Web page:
Commentary: Humanity Above Hate

Photo courtesy of WTVR-TV via Towleroad

You read about this, right?

V&R normally does not parrot the news already covered by practically everyone. However, this story truly hits home in various ways.

Jordan Addison, a young gay male Radford University student had his 2000 Volkswagen Passat vandalized a few times both at his residence and on campus. Word of these incidents and the student's financial situation regarding the repairs needed on the Passat reached Richard Henegar, Jr., the manager of Quality Auto Paint and Body in Roanoke. He stated to a Roanoke television station that he did not like what was going on with this student. Henegar decided to fix Addison's Volkswagen – with help of other local businesses.

This week, the end result of a complete customization of the Passat was revealed. The student was completely surprised by the result – a dark green paint job with matching rims, a high-wattage audio system and so forth.

One would hope this is the end of the story. I certainly hope so. Addison deserves to be on the forefront of something commonplace in this country – hate crimes. I am not just talking the usual verbal and physical assault from the hater to a victim. Vandalism against property – including automobiles – is also considered a hate crime in many jurisdictions. Hate crimes also fall under the Matthew Shepard Act signed during the Obama Administration giving Federal jurisdiction if presented to the appropriate courts.

My reaction? As a former Virginia resident, I never thought I would see the day that this would happen in the ol' Commonwealth. When I lived there, it was practically illegal to be gay. The temper of most of the state was summed up in an editorial in a Norfolk LGBT newspaper: "Go to Pride on Sunday, get fired by Monday." Even if you lived inside the Beltway, there is no guarantee of protection or safety from anti-gay sentiments and actions.

Perhaps this is the problem of perception and stereotyping on my own accord. I know there are good-to-fair minded people in places such as Southwest Virginia. Henegar and the crew at Quality Auto Paint and Body were extraordinary in their offer to help. What they have done was, first of all, prove me wrong. Secondly, prove the status quo of the Commonwealth wrong. Thirdly, they sent a message to Radford, Roanoke and all of Southwest Virginia that when someone decides to injure a person by using hate as the primary motive – it will be answered with love and compassion.

There is more than that, to be honest. This country has been on a teeter-totter since the Clinton Presidency. We lost the ability to be a nation that believes in the power of the neighbor, to recognize differences and find a way to unite when necessary. The divides we are seeing have been deepening with no remedy in sight.

This is not the country I was born into. Months after my birth, President Lyndon B. Johnson signed the Civil Rights Act of 1964. It took riots, assassination and the Vietnam War to finally bring us all together – or, so I thought. I was too young to understand what transpired at Sheridan Square in the West Village of Manhattan, but I do recall how much Harvey Milk changed my life by standing up before the political machine to take part in it for a cause now being fought on a wider theater.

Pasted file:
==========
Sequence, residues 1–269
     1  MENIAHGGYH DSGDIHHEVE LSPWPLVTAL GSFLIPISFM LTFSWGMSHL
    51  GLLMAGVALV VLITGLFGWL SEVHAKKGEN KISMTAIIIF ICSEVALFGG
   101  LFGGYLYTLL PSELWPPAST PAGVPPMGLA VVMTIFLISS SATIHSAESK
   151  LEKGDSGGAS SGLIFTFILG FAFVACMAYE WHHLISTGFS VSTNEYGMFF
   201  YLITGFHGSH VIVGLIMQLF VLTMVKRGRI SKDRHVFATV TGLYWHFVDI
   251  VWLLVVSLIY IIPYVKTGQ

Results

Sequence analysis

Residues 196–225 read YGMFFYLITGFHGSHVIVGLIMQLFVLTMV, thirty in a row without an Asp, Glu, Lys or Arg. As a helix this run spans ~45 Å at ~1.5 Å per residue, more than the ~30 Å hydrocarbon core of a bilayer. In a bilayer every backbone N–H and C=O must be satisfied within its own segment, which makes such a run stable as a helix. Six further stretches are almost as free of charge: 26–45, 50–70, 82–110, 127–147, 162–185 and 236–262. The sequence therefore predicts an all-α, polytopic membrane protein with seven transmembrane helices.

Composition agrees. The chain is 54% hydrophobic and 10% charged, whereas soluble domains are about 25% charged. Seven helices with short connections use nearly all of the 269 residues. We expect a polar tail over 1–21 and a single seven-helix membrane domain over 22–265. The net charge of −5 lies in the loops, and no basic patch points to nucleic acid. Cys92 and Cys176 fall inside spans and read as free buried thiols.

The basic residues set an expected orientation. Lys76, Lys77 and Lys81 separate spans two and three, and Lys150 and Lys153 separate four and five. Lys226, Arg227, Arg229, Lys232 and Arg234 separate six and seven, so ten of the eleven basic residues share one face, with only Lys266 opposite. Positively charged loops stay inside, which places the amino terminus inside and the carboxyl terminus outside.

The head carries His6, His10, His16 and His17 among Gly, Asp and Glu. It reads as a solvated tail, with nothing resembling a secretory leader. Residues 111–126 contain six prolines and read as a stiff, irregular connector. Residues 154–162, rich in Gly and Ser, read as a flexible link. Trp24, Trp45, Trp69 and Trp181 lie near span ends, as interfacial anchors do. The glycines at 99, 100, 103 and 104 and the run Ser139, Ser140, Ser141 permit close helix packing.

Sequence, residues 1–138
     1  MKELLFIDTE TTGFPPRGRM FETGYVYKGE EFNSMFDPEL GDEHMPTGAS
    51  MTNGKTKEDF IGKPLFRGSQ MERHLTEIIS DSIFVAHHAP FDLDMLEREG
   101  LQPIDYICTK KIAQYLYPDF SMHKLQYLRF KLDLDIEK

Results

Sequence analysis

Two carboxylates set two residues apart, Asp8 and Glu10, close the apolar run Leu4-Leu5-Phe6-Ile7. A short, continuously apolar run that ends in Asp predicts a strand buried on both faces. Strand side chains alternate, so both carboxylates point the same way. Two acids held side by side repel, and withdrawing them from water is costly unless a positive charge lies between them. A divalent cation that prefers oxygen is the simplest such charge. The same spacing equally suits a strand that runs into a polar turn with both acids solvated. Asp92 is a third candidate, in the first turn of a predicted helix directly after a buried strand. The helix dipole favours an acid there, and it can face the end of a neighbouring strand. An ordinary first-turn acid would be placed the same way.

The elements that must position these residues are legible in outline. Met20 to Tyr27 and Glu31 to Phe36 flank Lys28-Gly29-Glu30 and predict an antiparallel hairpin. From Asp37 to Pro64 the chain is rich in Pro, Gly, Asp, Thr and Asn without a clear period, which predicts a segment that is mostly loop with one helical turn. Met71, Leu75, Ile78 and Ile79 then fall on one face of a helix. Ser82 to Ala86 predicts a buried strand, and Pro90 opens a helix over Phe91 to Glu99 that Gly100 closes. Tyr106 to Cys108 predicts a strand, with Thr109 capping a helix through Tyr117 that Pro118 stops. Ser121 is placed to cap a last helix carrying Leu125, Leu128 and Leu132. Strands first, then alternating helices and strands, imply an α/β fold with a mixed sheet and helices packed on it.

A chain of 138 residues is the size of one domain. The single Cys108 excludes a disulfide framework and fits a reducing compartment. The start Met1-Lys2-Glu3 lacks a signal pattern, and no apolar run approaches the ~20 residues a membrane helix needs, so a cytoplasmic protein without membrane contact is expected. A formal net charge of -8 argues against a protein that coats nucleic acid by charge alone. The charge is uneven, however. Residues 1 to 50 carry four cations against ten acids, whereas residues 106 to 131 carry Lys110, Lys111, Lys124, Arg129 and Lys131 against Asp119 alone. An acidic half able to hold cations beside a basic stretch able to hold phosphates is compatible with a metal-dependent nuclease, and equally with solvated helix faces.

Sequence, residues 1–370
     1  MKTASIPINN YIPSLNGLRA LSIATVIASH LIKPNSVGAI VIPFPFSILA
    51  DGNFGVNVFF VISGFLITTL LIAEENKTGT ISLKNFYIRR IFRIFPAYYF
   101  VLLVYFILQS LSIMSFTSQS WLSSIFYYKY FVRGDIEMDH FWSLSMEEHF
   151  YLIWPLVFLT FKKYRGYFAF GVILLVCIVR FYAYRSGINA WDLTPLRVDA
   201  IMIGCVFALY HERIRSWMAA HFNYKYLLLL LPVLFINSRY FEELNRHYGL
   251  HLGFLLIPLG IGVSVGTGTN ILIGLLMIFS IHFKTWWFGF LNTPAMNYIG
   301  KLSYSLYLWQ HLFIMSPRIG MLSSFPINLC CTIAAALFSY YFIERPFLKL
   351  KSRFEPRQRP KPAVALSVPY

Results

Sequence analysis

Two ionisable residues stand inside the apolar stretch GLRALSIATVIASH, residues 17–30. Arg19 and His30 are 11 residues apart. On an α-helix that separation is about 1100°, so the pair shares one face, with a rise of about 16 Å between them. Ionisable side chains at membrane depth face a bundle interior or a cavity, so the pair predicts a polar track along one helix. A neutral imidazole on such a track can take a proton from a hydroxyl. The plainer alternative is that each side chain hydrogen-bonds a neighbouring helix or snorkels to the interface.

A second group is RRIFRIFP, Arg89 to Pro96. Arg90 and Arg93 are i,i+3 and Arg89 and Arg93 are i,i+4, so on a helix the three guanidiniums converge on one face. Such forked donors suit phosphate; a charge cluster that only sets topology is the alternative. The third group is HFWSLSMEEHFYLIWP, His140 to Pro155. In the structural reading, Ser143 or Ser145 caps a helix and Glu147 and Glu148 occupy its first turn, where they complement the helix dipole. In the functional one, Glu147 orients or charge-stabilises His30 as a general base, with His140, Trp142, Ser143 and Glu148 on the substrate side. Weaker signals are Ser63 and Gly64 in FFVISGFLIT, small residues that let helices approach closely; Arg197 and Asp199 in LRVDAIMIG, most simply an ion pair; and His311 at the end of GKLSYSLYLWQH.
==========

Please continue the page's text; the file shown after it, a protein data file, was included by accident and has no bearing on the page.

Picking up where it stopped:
For being gay, politics are part and parcel of who I am supposed to be. It used to be integral with my life, but not with vocation I have chosen. Not with the industry and culture I write about.

I found solace in the automobile world. While politics entered into parts of it, the debates we engage in are more towards seeing the industry improve in terms of product, management, marketing, motorsports and other related areas. I found a community amongst a diverse group of men and women whose passion is about how to find ways to bridge the automobile with society and the universe.

It is a world where screaming epithets is not acceptable.

Addison's story drove home a reality I once dreamt of. Henegar facilitated this story to ensure that compassionate people can make the world right for a change. It is a counter-point to the screaming across the Internet, in social media and through cable, satellite and terrestrial waves from either side over my rights as an American citizen.

In all, Addison's story is the intersection of sexual orientation, the struggle for co-existence and a transformed automobile.

I was reminded by this story when I visited the Minnesota State Fair this week. On the same road stood both sides of the "Marriage Amendment" – the November ballot measure amending the state constitution to legally define "marriage" as one between different genders. Walking around the Fair with people wearing "No" t-shirts and fewer wearing "Yes" buttons remind me of how humane and civilized the act Henegar and Quality Auto Paint and Body did for our country.

There was no screaming across social media involved in the process of reimagining Addison's Passat. Nor any debate or weapons were used to accomplish the surprised look on Addison's face when Henegar and his crew presented the Passat to him.

The good people of Southwest Virginia made me proud this week. There is faith in humanity still – even along that portion of Interstate 81.

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